HRWF (05.01.2021) – On 10 December, Human Rights Day, CESNUR (Center for Studies on New Religions) and HRWF (Human Rights Without Frontiers) held a press conference online to launch a White Paper titled “Justice Denied: The Tai Ji Men Case in Taiwan”, an in-depth report by independent experts on a crucial issue: the judicial, administrative and fiscal bullying of a peaceful and law-abiding group rooted in esoteric Taoism. This 24-year-long arbitrary persecution through the government’s power led to some dramatic events in the last few months.
In late August 2020, disregarding due process, Taiwan’s Administrative Enforcement Agency (under the Ministry of Justice) and National Taxation Bureau (NTB) arbitrarily seized and auctioned properties that belonged to Dr Hong Tao-tze, the founder and spiritual leader of the Tai Ji Men.
This forcible intervention of the Enforcement Agency and Taxation Bureau was allegedly due to a tax bill dating back to 1992, despite this bill having been recognized as an unjustified tax disposition by Taiwanese courts.
Some suspect that there was a profit-making objective behind this auction.
The auction, a lucrative business for some
Indeed, officers of the National Tax Bureau normally receive a bonus based on the taxes they collected.
Officers at the Enforcement Agency also receive a bonus from the enforcement results of the auction.
Additionally, government officers involved in the Tai Ji Men case both at the National Tax Bureau and the Enforcement Agency received a bonus from handling the case.
It is because of all these alluring bonuses that some scholars suspected that Tai Ji Men’s case was a deliberately fabricated case.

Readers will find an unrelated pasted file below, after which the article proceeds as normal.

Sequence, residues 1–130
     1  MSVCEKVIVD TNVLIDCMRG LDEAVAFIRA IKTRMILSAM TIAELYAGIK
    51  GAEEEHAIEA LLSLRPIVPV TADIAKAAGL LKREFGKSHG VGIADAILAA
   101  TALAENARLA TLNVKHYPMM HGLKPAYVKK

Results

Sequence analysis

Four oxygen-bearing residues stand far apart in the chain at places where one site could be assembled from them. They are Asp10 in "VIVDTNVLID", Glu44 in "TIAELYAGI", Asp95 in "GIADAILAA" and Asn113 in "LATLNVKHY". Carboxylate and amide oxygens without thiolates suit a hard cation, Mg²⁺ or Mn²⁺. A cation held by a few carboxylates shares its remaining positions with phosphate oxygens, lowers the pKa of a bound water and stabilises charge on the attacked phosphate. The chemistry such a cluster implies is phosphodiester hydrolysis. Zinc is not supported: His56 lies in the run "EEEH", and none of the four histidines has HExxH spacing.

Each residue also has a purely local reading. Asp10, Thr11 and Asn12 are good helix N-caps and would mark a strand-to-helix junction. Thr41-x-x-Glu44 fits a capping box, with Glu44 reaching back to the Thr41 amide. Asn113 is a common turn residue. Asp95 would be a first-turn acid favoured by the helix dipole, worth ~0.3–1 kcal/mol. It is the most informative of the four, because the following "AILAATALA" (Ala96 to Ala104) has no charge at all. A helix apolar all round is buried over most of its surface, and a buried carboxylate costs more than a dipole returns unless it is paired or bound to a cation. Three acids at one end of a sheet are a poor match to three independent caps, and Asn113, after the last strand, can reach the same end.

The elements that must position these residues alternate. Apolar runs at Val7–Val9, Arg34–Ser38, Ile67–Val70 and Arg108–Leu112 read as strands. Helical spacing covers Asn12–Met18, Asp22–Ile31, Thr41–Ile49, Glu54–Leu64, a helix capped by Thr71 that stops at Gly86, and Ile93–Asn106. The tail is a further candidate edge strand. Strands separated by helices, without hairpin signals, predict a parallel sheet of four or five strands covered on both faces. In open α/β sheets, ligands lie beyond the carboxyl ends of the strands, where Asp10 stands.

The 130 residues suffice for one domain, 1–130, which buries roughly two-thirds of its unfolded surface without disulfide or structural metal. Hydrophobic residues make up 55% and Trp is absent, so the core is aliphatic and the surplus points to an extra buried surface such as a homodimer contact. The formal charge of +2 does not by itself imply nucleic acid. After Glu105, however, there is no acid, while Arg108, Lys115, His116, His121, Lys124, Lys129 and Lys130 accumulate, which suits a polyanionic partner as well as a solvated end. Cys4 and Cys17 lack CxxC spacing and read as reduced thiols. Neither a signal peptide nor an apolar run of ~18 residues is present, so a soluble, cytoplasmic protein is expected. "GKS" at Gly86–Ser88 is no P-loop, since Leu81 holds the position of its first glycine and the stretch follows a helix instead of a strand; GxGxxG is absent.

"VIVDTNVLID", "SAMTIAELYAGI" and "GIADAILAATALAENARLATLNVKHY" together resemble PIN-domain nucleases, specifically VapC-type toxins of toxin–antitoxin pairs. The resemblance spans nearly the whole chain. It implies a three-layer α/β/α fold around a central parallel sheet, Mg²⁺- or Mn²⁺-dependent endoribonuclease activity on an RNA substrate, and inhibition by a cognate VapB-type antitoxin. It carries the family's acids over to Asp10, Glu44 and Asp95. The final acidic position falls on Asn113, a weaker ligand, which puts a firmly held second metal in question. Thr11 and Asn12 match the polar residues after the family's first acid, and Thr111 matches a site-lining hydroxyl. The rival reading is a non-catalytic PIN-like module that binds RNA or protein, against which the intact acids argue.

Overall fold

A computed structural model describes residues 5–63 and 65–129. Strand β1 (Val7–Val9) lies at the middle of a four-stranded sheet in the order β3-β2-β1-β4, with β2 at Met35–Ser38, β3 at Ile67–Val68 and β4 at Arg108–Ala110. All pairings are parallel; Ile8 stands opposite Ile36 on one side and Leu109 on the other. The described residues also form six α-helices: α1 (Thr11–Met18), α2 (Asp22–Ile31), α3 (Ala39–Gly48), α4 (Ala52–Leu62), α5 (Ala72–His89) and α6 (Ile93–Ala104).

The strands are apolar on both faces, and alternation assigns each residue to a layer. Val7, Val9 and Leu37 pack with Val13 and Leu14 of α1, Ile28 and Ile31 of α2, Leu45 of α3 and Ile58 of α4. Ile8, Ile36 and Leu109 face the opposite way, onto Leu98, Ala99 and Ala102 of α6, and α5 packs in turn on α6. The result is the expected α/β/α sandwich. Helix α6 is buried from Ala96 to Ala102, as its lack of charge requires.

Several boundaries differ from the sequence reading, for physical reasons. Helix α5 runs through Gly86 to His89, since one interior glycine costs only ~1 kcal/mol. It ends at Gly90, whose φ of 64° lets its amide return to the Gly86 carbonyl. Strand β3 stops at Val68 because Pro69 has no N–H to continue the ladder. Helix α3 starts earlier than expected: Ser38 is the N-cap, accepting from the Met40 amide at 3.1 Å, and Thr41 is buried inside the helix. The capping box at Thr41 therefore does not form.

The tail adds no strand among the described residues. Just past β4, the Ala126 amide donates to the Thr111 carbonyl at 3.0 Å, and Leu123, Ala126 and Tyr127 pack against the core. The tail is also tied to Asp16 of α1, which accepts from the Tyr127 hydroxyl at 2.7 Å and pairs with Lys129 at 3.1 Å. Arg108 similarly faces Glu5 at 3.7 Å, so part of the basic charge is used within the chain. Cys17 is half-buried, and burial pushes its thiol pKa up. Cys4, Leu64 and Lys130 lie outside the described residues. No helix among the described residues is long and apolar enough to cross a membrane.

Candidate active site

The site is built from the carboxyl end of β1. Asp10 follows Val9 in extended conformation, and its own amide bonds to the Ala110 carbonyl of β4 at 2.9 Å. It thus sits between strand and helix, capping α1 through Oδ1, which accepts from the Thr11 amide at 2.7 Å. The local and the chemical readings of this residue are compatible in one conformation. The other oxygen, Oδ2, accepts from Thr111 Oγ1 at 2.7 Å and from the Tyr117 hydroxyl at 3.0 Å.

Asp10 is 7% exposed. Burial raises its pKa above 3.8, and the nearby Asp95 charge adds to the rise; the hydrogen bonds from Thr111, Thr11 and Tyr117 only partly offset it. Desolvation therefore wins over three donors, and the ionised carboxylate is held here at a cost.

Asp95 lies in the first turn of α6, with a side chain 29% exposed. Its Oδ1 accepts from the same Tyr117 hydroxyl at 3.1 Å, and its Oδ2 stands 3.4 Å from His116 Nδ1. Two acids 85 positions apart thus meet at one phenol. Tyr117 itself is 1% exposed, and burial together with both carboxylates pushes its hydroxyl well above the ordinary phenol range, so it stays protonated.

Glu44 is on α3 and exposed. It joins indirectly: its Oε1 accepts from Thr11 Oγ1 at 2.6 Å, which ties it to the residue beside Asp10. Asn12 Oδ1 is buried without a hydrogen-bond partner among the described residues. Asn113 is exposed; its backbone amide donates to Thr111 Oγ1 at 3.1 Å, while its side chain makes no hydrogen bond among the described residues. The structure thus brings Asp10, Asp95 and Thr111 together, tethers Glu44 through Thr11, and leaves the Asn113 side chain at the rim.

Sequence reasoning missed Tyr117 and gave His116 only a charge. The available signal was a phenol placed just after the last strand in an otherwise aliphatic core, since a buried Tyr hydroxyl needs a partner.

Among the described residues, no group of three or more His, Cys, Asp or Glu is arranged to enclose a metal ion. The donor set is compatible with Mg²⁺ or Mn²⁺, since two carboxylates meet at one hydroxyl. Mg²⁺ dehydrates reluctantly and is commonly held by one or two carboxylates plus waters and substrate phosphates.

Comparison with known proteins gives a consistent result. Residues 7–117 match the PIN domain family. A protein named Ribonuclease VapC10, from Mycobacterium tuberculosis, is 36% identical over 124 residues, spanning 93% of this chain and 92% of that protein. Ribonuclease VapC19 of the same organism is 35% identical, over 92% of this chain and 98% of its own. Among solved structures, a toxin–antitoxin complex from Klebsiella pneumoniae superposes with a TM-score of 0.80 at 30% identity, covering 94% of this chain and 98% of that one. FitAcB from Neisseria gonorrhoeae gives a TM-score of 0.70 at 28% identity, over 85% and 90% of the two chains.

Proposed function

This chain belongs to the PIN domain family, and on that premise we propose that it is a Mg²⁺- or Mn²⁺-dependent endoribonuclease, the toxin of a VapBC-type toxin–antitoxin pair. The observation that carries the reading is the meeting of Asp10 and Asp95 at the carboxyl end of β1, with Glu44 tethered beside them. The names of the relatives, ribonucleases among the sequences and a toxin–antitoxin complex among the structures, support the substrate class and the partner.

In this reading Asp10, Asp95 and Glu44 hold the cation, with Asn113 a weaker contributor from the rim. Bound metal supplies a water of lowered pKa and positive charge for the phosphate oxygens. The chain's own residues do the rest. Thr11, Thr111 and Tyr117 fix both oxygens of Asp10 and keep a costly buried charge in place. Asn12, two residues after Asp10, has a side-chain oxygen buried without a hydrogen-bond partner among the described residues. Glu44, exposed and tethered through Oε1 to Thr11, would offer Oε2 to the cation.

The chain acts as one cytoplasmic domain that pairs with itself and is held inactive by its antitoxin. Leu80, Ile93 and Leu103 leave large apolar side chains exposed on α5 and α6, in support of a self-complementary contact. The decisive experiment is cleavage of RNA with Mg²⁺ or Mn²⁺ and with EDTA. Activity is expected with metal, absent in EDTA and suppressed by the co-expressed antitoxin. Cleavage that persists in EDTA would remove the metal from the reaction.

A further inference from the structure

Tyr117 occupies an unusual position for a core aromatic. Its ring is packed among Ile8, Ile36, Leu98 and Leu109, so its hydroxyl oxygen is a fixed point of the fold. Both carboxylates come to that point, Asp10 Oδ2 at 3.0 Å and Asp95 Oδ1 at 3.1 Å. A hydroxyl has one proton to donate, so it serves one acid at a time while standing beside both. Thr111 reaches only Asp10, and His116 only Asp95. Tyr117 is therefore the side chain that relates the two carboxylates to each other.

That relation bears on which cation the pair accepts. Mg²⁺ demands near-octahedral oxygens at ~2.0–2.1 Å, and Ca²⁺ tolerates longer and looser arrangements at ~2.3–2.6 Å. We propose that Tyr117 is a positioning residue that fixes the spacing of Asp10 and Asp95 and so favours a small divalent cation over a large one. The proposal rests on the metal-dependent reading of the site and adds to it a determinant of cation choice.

One of the bureaucrats that Tai Ji Men suspects of abuse of power is Lee Gui-fen, Chief Enforcement Officer of Hsinchu Branch of Administrative Enforcement Agency, under the Ministry of Justice. This suspicion is supported by a document with Lee Gui-fen’s seal that outlines the bonus allocation of credits for job performance from enforcing the auction of Tai Ji Men’s properties before the official announcement of the auction had been publicised.
The demonstration and arrest of Ms Huang
On 19 September 2020, a volunteer for the Legal and Tax Reform League and Tai Ji Men member, Ms Huang, used her right to freedom of expression guaranteed by the Constitution of Taiwan to question and denounce the lucrative nature of this auction. She was about to peacefully promote taxpayer’s rights on the street with others while holding a sign with Lee Gui-fen’s name on it when she was surrounded by several police officers. She hadn’t even raised the sign yet.
The officers stopped the demonstration when it just started. Without any justified reason, they demanded that Ms Huang present her ID.
When other volunteers asked whether they were in a restricted an area where individuals are prohibited from holding signs promoting their ideas and why they were questioning Ms Huang, the police did not respond. Instead, they asked that everyone show their IDs and ordered the volunteers to leave. They also threatened that anyone recording the scene to protect their own rights would be questioned or detained in the police station for three hours. By disrupting the voluntary and peaceful promotion of taxpayer’s rights, the authorities deprived these individuals of their right to freedom of assembly and freedom of speech.